On the 15th of May, 1831 Agent St. Vrain wrote to William Clark, Superintendent of Indian Affairs, from Rock Island: "I have again to mention to you that the Black Hawk (a Sac chief*) and his party are now at their old village on Rock River."  He then suggested, "Would it not be better to hold a treaty with the Indians and get them to remove peaceably, than to call on the military to force them off?"
Governor Reynolds of Illinois did not see it that way.  He viewed it as an invasion and wrote to Clark detailing his intention to send out a militia of seven hundred men.  Clark immediately passed the letter on to the commander of the Western Division of the U.S. Army, General Edmund P. Gaines.  In his letter of May 28th he explained that the majority of the Sac and Foxes had complied and removed to their new village on the Iowy river - "all but two bands headed by two inconsiderable chiefs, who after abandoning their old village, have, it appears, returned again, in defiance of all consequences."
On the 29th of May Edmund P. Gaines then wrote Governor Reynolds that he had ordered six companies of regular troops from St. Louis, and that “I do not deem it necessary or proper to require militia, or any other description of  force, other than that of the regular army at this place and Prairie du Chein."
A year later, intertribal tensions still had not eased and the Sac and Fox had attacked a peaceful encampment of Sioux - who then retaliated by attacking a party of Fox who were traveling from Dubuque to Prairie du Chien and killed their chief, Kettle, and several of his followers.  The agency tried to intervene and force the Fox to surrender the principals involved to the government which only ignited further discord between Black Hawk and the agency as he strongly believed the retaliation had been justified, and was no business of the white man.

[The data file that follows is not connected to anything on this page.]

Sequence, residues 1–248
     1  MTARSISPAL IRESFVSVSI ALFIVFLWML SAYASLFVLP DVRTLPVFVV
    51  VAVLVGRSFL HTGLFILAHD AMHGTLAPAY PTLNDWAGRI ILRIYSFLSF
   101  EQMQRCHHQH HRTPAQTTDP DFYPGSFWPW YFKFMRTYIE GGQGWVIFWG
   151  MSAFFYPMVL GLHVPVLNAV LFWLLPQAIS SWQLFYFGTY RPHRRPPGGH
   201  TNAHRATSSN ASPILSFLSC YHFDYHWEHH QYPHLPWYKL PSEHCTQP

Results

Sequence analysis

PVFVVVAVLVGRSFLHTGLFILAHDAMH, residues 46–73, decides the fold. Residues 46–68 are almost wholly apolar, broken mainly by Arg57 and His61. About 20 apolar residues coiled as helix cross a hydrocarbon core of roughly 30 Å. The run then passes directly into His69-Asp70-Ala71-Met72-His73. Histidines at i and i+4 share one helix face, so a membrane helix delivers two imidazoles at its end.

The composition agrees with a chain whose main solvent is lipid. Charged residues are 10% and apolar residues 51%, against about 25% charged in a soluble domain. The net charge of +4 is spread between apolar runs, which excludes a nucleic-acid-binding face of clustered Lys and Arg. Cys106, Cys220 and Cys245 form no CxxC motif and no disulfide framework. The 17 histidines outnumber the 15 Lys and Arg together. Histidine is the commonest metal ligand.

In April of 1832, it seems likely that St. Vrain had gone to St. Louis in hopes of dissuading the government from interfering, but they remained intent on making an example of the "murderers of the Menominees."  It can be speculated then, that when St. Vrain boarded the boat with General Atkinson to return to Fort Armstrong, a small band of Winnebagos might have been of the opinion that St. Vrain was not acting in their best interest, and was in fact betraying them.  As a result, St. Vrain had been ambushed along with other members of his party and brutally killed on the 24th of May in what came to be known as the St. Vrain Massacre.
Months earlier, Joshua Pilcher had been in Washington D.C.  Prior to his arrival, he had prepared and sent an extensive report to the government and had detailed the trading operations.  He had noted each trading post and which tribes had traded where and with which of the five agencies.  In addition, he had also summarized the history of the Missouri River fur trade between 1803 and 1827, and noted that those traders who intended to move over the Santa Fe Trail would be in constant danger of Indian attack, then suggesting the army establish a post about half way between western Missouri and the great bend in the Arkansas, opposite Mexican territory.
Pilcher's reports had been printed and circulated, and by the end of 1831 his name had been well known to the politicians, army officers and businessmen in both the east and west.  No doubt, his trip to Washington was in hope of receiving an appointment as Upper Missouri Agent to replace Doughtery, whom Pilcher believed was unfit for the position.  Although he failed in persuading the government to release Doughtery from his post, upon the death of St. Vrain, Pilcher was temporarily appointed by William Clark to that post. Despite Clark's assurance to Secretary of War, Lewis Cass, and Senator Thomas Benton's recommendation that Pilcher was well-suited for the position, Joshua did not receive the permanent post.  Instead, Marmaduke S. Davenport was appointed.